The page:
The Illinois Policy Institute announced last night that School District 86 has received a failing grade when it comes to fiscal transparency. The poor marks come on the heels of a recent audit conducted by the Institute's Local Transparency Project.
According to their website, the group independently audits local government taxing bodies to determine their level of fiscal transparency. The Illinois Policy Institute has developed a 10-point transparency checklist to hold government and elected officials accountable to the citizens and taxpayers, and provide a "best practices" framework to improve government transparency all across Illinois.
"The goal is not to penalize districts with this information but rather to raise awareness of the issues to encourage them to take the necessary steps so that they can raise their scores during the next audit," stated Steve Woodward, a Burr Ridge resident who helped conduct the audit of District 86..
In order to receive a transparency grade of "A", a governing body must score a minimum of 90 points. District 86's audit produced a score of 33.75.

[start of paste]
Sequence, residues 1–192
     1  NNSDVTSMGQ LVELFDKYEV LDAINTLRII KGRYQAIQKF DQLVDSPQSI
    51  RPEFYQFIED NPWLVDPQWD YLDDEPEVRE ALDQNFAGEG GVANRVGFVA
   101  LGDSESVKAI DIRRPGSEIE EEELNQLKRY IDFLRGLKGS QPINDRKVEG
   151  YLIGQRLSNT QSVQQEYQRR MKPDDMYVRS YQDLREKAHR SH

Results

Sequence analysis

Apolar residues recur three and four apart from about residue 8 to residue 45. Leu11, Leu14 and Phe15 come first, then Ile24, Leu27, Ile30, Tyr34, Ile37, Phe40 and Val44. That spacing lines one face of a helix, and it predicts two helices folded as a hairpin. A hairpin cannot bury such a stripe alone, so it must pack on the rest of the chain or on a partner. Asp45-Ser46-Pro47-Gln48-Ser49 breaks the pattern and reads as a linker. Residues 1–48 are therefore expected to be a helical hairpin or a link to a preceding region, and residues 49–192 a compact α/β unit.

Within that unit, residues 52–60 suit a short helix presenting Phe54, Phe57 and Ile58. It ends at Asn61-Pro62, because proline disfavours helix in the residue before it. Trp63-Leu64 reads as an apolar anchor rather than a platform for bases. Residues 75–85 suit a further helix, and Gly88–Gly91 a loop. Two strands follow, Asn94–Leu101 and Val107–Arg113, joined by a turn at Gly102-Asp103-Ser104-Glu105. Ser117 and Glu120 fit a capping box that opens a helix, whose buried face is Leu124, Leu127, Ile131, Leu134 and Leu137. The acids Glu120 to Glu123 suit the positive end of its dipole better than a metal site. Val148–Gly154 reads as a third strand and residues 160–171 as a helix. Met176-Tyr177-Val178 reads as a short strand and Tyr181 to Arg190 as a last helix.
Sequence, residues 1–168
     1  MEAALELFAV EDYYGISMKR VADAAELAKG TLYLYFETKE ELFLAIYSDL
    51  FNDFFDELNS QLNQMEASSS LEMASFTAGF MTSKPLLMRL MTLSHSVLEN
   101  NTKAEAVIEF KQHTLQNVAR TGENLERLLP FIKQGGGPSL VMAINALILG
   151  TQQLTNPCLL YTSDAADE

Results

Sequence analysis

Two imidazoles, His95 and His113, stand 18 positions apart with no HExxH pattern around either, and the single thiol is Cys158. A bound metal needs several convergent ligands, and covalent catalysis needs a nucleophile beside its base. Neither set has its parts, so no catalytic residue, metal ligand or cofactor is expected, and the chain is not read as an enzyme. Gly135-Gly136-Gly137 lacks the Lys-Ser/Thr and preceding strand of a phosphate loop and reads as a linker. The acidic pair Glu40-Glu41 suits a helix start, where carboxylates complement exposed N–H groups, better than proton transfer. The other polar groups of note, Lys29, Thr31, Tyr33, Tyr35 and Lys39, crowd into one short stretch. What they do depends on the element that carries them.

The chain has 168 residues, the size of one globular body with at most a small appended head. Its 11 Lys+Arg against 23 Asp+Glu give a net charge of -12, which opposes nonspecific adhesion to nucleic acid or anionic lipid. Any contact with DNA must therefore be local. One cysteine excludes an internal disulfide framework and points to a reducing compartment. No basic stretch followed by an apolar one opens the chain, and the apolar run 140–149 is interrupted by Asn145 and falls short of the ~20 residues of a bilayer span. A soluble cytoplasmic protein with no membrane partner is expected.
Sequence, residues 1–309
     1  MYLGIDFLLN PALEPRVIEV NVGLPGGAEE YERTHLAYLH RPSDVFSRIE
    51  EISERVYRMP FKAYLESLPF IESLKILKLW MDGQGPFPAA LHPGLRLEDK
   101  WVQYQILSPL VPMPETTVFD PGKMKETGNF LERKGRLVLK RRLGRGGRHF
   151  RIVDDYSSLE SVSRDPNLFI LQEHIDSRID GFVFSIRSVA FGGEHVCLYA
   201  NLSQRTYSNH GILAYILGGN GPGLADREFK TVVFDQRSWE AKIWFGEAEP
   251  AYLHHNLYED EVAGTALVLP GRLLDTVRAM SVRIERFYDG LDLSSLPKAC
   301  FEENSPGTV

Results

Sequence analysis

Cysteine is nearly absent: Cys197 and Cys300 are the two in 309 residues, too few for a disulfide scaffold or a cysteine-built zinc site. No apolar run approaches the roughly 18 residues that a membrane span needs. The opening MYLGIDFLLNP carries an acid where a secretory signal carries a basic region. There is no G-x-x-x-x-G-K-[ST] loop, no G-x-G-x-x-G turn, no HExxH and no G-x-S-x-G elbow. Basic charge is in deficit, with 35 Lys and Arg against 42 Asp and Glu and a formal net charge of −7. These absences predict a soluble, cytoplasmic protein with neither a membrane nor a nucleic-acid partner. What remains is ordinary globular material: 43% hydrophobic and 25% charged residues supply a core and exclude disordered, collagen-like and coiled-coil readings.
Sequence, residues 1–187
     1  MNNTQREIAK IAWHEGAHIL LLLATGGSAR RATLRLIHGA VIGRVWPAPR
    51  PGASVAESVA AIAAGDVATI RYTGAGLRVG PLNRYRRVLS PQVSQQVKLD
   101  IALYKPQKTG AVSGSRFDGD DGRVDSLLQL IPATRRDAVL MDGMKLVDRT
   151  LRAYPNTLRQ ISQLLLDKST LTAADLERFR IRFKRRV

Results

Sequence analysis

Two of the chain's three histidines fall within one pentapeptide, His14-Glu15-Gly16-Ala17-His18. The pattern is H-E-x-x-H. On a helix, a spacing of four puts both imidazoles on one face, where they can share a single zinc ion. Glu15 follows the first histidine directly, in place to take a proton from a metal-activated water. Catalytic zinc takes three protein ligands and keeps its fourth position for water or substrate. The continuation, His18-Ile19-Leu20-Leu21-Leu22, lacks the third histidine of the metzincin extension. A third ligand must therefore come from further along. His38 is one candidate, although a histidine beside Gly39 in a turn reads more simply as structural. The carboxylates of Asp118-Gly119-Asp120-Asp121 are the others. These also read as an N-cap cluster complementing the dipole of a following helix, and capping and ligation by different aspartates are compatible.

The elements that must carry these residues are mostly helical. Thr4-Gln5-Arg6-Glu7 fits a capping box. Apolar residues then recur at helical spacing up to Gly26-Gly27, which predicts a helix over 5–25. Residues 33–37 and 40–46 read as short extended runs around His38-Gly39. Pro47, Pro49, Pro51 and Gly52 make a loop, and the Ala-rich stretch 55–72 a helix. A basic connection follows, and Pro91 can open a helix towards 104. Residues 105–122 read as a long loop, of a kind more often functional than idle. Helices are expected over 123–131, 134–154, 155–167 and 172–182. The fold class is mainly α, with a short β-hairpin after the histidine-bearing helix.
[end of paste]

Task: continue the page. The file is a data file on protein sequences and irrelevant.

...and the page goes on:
The Local Transparency Project conducts its audits by visiting the public websites of local government taxing bodies and evaluating how much information is posted about the ten categories on their checklist. These categories range from contact information for elected officials and senior administrators to budget data for the past five years. A total of ten points is awarded for each of the ten categories for a maximum score of one hundred.
According to the report, District 86 only received a perfect score in one category, information related to Elected and Administrative Officials. The District received a score of 2 or less in seven of the ten categories.
Woodward stressed why transparency is an issue district residents ought to be very concerned about. "When you consider that 75% of your property taxes go to public education in district 86 and 181 it's not a small amount that these bodies control. I think awareness of how these monies are spent is more important than ever because property tax revenues are a finite source."
Regarding the report, Dr. Nicholas D. Wahl, Superintendent of Schools for District 86 stated, "Tonight was the first time the Board heard about this report by the Illinois Policy Institute and I haven't had an opportunity to read it yet but I look forward to doing so. However, transparency is something we all support which is why we already post our information online."
District 86 is currently embroiled in a controversy surrounding transparency issues involving a board member and unedited district documents. School board member Dianne Barrett filed a lawsuit against the district in July, claiming that she was not allowed to view documents involving special education services. Barrett maintained that it was her fiscal duty as a board member to be able to view that information. The board disagreed and is currently seeking to have the lawsuit thrown out of court.